Bradford & Bigelow seeks to seal the summary judgment filings because they may rely upon its "customer pricing information, " "employee emails and communications, " "confidential and proprietary information and trade secrets concerning [its] manufacturing and business processes, " "financial information..., including costs, expenses, and profit margins, " "tax returns and related information, "personnel files, " "communications between B&B and its customers, " along with several other categories of documents designated as confidential. Docket # 44 at 3-4, 9-10. It does not explain why any specific documents should be sealed, but rather contends that all should be because the parties agreed to keep them secret in the Confidentiality Stipulation. But these documents, to the extent they will be filed with the court, will relate to and provide the foundation for dispositive motions. For such documents, the public interest in access is strong and the tradition of public access is robust. To support sealing them, Bradford & Bigelow must establish an overriding interest in sealing and must ensure that any sealing is narrowly tailored to shield as little from public view as possible.
III. The Protective Order and Future Sealing Motions
I am mindful that the parties' "Confidentiality Stipulation, " as currently written, presents them with the Hobson's choice of either seeking to file discovery materials designated as confidential under seal or not filing them at all. To address that, the parties shall file a revised version of that stipulation, seeking to have it approved as a formal protective order, that includes a provision addressing the court's seal concerns. The provision shall be substantially similar to the paragraph below. The parties may modify the details of this language to fit with their proposed order (e.g., defined terms may be changed), but they may not change the substance of the provision.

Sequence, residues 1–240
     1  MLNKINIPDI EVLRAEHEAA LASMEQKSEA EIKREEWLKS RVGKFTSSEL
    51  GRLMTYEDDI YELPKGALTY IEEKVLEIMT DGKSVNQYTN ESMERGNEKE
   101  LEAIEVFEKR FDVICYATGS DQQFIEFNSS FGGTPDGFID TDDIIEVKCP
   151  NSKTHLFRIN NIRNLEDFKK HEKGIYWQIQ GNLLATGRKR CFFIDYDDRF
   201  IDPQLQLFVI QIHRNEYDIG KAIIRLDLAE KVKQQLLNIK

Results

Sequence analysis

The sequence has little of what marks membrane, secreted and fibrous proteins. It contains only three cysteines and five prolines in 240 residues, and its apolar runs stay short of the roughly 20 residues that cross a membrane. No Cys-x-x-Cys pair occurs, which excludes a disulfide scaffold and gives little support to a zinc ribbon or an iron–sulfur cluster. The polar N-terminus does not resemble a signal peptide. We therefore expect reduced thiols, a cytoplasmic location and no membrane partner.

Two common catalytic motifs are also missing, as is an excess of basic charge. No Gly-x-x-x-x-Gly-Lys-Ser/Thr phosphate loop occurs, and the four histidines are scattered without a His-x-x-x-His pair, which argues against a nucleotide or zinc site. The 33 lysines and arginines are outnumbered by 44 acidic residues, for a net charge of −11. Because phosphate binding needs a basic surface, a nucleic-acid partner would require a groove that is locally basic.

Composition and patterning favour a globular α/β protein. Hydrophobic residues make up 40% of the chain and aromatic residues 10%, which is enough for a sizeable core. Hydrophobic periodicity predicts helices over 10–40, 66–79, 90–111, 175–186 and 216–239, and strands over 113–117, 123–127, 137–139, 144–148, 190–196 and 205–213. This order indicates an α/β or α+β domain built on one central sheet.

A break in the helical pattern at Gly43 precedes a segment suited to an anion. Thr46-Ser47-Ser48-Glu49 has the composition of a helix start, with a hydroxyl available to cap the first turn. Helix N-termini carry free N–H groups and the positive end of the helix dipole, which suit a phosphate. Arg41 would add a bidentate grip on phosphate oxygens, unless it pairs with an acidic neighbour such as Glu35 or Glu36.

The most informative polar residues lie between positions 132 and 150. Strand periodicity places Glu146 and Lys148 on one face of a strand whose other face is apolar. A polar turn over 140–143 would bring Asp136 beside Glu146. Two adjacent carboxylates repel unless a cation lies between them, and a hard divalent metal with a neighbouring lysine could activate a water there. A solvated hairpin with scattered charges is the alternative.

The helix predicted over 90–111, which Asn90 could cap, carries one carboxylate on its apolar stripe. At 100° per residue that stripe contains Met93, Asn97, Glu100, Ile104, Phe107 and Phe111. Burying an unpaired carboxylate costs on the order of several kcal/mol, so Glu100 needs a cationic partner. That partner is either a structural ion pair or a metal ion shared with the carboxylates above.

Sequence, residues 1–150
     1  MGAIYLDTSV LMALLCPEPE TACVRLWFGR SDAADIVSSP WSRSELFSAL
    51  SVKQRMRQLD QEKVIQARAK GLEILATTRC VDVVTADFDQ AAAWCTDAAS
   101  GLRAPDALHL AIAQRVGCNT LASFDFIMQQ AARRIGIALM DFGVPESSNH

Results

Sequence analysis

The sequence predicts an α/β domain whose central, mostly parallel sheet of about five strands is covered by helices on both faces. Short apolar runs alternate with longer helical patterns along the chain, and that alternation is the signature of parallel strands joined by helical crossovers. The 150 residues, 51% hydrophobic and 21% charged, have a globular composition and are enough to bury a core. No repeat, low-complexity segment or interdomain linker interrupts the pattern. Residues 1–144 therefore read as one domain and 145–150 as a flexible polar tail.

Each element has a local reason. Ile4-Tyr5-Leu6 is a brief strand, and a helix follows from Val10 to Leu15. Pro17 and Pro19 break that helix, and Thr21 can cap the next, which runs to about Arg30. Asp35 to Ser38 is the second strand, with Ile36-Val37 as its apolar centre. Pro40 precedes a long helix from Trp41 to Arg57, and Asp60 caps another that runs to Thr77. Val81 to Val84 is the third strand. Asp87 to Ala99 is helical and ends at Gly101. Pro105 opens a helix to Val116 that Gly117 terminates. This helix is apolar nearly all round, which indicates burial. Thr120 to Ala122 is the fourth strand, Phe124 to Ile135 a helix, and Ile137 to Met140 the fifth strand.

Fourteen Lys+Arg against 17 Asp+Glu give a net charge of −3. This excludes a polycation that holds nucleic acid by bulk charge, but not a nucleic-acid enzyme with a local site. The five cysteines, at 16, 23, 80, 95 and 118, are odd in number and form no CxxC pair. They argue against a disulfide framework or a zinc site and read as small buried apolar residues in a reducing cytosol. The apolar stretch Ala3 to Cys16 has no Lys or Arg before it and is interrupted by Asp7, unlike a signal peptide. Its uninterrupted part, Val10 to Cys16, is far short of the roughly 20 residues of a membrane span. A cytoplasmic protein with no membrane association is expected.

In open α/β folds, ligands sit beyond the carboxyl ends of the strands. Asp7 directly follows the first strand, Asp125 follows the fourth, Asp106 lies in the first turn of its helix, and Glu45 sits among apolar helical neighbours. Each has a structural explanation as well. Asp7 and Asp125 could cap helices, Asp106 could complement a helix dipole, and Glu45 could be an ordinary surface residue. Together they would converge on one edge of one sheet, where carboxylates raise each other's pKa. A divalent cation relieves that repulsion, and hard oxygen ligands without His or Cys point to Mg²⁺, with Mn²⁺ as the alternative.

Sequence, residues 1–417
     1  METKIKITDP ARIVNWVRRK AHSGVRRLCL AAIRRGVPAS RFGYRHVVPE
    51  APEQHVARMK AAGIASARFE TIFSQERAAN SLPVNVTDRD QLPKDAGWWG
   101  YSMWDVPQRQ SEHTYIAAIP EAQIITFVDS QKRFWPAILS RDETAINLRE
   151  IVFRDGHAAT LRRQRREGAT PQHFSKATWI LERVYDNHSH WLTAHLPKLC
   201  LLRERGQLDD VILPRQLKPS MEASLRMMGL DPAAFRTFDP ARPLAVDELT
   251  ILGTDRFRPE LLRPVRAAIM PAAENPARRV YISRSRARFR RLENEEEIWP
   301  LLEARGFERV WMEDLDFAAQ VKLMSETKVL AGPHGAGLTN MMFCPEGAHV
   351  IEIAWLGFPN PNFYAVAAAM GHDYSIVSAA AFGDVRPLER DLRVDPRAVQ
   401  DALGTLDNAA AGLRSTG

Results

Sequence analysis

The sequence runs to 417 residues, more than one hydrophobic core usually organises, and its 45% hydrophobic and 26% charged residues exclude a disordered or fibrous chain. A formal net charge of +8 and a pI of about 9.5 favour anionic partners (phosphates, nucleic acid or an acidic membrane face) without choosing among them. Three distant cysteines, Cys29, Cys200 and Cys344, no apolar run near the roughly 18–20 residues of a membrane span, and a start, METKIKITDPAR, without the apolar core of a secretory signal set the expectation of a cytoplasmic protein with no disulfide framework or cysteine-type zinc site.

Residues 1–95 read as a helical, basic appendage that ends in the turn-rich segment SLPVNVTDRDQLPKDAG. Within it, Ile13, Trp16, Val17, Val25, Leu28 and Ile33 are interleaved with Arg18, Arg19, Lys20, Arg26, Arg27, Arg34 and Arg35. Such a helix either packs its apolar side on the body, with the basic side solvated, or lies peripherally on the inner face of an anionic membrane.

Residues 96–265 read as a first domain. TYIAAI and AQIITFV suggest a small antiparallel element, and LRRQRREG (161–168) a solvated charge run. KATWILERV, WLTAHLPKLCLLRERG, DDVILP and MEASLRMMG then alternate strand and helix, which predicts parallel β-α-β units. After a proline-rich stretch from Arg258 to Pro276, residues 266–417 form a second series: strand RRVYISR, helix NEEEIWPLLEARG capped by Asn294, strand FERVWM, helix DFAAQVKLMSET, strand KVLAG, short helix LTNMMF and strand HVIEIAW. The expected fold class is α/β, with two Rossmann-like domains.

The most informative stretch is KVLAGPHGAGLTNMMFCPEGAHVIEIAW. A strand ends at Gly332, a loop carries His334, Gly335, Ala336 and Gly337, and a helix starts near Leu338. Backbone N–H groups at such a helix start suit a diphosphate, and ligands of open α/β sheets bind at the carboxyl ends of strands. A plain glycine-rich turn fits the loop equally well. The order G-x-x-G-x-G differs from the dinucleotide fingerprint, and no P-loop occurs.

Filing Protected Material. If a recipient of Protected Information ("Receiving Party") seeks to file documents designed as Protected Information or which contain information so designated, it shall provide at least 48 hours notice of its intention to do so to the party that designated that information as Protected Information ("Designating Party"). This Notice shall detail precisely which documents the Receiving Party seeks to file. The Receiving Party and Designating Party shall then meet and confer, within the next 24 hours, to discuss whether the Receiving Party objects to the public filing of each document, and, if it does, whether a compromise can be reached (e.g., filing only excerpts of the document or filing only a redacted version of the document). This shall be a substantive, not pro forma, meet and confer, and counsel with substantial decision-making authority for both parties shall be present. If any disputes remain after this meet and confer, the Receiving Party shall file any documents for which there is no dispute publicly, along with redacted copies of documents for which there is a dispute. The Receiving Party shall also contemporaneously file a joint motion for leave to file under seal only the documents for which a dispute remains. For each such document, the motion shall describe (1) the general nature of the Protected Information, (2) why the Protected Information is necessary to the filing, (3) why the Designating Party objects to public disclosure of Protected Information (specifically addressing the standard for sealing), (4) which counsel were present at the meet and confer, and (5) what compromises were discussed in the meet and confer. The Receiving Party shall also lodge with the court a CD containing electronic copies of unredacted versions of the documents no later than 12:00 P.M. (Boston time) on the business day following the filing of the motion for leave to file under seal. The unredacted versions must indicate, by highlighting or other clear method, the portions of the documents that ...